Thinking about Video Games: Interviews with the Experts

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The growth in popularity and complexity of video games has spurred new interest in how games are developed and in the research and technology behind them. David Heineman brings together some of the most iconic, influential, and interesting voices from across the gaming industry and asks them to weigh in on the past, present, and future of video games. Among them are legendary game designers Nolan Bushnell (Pong) and Eugene Jarvis (Defender), who talk about their history of innovations from the earliest days of the video game industry through to the present; contemporary trailblazers Kellee Santiago (Journey) and Casey Hudson (Mass Effect), who discuss contemporary relationships between those who create games and those who play them; and scholars Ian Bogost (How to Do Things With Videogames) and Edward Castronova (Exodus to the Virtual World), who discuss how to research and write about games in ways that engage a range of audiences. These experts and others offer fascinating perspectives on video games, game studies, gaming culture, and the game industry more broadly.

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1. Nolan Bushnell: Learning from the Past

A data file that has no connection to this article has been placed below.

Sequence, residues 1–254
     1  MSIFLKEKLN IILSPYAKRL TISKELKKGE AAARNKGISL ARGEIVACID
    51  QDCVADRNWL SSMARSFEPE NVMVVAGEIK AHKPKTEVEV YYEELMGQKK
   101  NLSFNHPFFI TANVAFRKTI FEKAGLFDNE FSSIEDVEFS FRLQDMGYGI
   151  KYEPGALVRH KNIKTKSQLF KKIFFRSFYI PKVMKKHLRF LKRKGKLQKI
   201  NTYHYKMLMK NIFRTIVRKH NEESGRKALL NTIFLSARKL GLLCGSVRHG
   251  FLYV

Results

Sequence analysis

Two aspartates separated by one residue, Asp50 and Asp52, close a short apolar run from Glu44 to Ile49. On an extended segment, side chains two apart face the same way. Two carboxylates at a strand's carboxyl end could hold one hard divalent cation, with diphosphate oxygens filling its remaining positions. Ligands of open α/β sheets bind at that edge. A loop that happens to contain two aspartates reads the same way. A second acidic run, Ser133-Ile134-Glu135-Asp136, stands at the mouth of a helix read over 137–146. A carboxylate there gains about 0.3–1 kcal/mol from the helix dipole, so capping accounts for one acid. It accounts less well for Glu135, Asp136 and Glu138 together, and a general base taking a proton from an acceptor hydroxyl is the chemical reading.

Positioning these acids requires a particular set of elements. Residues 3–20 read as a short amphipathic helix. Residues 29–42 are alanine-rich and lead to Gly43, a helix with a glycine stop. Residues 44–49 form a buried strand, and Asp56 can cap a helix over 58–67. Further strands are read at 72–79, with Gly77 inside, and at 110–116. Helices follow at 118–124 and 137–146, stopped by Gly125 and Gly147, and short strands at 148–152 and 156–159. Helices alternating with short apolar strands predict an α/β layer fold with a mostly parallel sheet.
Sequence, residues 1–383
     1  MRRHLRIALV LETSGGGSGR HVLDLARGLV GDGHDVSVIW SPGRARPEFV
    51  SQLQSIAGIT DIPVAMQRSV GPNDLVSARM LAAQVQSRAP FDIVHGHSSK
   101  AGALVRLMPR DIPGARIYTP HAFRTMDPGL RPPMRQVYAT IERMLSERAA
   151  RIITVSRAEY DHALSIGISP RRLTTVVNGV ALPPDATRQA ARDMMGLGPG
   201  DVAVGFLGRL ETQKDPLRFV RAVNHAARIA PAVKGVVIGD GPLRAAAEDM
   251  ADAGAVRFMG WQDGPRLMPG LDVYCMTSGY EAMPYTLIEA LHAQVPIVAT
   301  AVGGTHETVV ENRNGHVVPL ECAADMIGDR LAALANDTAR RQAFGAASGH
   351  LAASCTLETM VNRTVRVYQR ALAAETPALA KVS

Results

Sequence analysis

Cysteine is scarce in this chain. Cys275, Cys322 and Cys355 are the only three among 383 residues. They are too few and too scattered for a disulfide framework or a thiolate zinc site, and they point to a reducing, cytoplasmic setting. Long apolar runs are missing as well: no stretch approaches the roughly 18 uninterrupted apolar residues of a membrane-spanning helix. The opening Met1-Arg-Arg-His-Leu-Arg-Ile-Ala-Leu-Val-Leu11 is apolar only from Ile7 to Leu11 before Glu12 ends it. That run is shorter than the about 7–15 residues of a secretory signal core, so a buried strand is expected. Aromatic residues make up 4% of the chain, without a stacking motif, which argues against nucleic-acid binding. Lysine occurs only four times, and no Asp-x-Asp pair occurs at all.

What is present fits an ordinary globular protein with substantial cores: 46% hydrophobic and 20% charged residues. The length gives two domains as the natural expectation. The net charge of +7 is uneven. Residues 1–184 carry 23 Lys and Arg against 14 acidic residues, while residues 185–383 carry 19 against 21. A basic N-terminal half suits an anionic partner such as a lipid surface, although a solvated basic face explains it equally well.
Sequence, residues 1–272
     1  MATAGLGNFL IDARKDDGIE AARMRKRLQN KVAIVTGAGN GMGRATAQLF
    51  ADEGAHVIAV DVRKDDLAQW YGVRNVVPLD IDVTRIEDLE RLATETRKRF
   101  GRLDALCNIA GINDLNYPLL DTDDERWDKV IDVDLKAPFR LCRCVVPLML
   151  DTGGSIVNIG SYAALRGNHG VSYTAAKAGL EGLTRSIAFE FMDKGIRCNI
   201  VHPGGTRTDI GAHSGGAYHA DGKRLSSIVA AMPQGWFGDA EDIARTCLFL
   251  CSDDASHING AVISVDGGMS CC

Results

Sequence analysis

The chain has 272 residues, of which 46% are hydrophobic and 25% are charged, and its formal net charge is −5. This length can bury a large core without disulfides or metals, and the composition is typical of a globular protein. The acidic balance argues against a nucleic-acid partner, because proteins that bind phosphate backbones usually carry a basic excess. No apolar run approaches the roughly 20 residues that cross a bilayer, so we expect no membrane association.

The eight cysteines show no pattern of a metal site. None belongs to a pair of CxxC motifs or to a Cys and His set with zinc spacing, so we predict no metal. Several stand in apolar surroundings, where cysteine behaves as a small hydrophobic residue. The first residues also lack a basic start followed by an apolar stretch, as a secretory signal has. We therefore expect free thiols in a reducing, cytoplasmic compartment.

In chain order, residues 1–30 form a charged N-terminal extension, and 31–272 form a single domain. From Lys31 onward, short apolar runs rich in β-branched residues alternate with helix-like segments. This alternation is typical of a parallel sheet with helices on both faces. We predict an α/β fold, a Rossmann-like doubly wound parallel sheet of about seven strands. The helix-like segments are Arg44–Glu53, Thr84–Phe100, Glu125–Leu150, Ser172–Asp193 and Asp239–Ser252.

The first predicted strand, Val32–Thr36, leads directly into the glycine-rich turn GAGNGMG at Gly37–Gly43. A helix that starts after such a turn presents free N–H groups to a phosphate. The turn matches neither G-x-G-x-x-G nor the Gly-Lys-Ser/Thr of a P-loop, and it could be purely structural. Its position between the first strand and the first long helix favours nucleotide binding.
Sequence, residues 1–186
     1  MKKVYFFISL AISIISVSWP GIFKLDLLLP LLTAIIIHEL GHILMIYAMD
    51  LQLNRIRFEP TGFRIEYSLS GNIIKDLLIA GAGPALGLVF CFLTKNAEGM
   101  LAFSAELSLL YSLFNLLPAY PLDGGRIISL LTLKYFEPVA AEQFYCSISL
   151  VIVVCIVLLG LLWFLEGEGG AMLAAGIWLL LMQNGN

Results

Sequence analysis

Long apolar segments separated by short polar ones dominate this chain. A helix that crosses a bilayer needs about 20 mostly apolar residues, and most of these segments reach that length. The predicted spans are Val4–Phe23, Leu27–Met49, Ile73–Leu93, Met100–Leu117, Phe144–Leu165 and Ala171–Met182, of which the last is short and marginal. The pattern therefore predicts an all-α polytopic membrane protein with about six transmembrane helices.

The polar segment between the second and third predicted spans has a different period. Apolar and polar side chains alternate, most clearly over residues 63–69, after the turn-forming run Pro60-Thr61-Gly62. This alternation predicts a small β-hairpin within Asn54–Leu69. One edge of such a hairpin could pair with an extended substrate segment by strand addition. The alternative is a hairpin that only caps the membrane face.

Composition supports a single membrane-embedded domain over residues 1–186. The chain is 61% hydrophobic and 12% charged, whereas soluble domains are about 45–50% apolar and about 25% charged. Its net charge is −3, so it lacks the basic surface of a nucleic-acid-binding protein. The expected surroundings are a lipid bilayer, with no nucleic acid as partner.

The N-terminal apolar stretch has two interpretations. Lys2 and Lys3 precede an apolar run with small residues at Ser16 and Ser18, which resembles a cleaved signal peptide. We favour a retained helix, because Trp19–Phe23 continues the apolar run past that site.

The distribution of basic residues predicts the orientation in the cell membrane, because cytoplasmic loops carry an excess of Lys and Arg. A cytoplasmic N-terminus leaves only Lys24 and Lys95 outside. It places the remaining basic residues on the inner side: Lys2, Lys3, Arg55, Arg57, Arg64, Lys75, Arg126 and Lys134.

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NOLAN BUSHNELL IS THE PERSON MOST OFTEN ASSOCIATED with the origins of video games as a commercial enterprise. His list of “firsts” in the industry reads like an outline for the study of early gaming history: he created both the first commercial arcade game (Computer Space) and the first commercially successful one (Pong); he was a founding partner of the first wildly successful video game company, Atari; and he was instrumental in developing and curating content for arcades in both its “golden age” and in its “Chuck E. Cheese era,” named for the gaming-themed chain of family restaurants that he created. Though video games’ earliest beginnings would predate the launch of Atari by almost thirty years, their migration out of university computer laboratories and student unions coincided with Bushnell’s emergence as a shrewd evangelist of their potential to capture both a wider audience’s attention and, importantly, their coins.

Bushnell’s enthusiasm for games started early. He was one of the fortunate few who had the opportunity to play Spacewar! on the PDP-1 with the game’s creator, Steve Russell, an experience that Bushnell recalls as “mesmerizing.” “I spent every minute I could in that computer lab” (Bushnell in Melissinos and O’Rourke 24). He has been a longtime advocate of games that are centered on repayable, challenging mechanics over those that feature bloat, spectacle, and easy titillation.1 His influential perspective on game design was succinctly explained in 1971: “All the best games are easy to learn and difficult to master. They should reward the first quarter and the hundredth.” Recently, he has suggested that his “great hope” for such game design principles “is that video game methodology has an ability to communicate with young minds in an amazing way” (Bushnell in Melissinos and O’Rourke 25).

 

2. Chris Melissinos: Art and Video Games